Third-year Makayla Fredrick pledged into the Ionian Society in the Spring of 2018. When asked why she chose the Ionian Society, she said, “Saying I chose to be an Ionian simply because it felt right is an understatement. My reasoning behind wanting to be an Ionian isn’t as solid as ice, but instead fluid like a river. I wanted to be a member of an organization as rich in history and as diverse as the Ionians. Growing up as the only child my age in a male-dominated family, I didn’t have very many female role models, aside from my mother. Now, I have too many to count on one hand. It’s a commonly-known fact that you can’t pick your family, but I chose these women to become my family away from my family, and I continue to choose these women.”

Fourth-year Kieran Delceppo pledged into the Orthogonian Society in the Spring of 2016 because “that is where I felt the most at home. It is being with guys that want the best for you and have no problem shooting you straight.”

Fourth-year Jack Sinanian pledged into the William Penn Society in the Spring of 2016 . He said, “I chose to be a Penn because I wanted to be apart of a special group of people who wanted to be better versions of themselves everyday. I felt that if I could surround myself with a group of guys who wanted to achieve new heights for themselves and reach their goals, then they could help me just like I could help them and that I could emerge as a leader.”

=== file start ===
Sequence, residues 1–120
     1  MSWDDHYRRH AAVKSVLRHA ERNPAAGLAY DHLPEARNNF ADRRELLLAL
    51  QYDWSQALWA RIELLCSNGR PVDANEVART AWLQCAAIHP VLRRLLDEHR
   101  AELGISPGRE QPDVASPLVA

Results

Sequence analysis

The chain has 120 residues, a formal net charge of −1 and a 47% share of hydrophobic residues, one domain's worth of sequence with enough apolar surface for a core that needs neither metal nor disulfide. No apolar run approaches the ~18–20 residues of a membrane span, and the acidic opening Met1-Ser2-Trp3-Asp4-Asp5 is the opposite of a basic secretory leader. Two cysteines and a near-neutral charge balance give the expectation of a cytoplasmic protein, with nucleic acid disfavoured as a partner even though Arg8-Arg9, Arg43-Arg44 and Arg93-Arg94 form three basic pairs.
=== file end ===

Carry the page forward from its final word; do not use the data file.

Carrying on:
Second-year Tom Santos chose to pledge into the Franklin Society in the spring of 2018, “because having met the members and getting to know them more, I felt like I could really relate with them and trust them.”

Third-year Genesis Gil pledged into the Metaphonian Society in the Spring of 2017. When asked her reasons for choosing to become a Met, she said, “Within the Metaphonian society I found a community of empowering women that I wanted to be a part of. They were so welcoming, and made my first semester of college memorable. When I was elected as [First-Year Class Council] president, they all texted me and congratulated me, and that kind of support was a reason why I chose to be a Met. Alongside that, they were always greeting me with smiles on campus and asking me how I’m doing. Their bonds as sisters was evidently strong, and I wanted to share that with them as well.”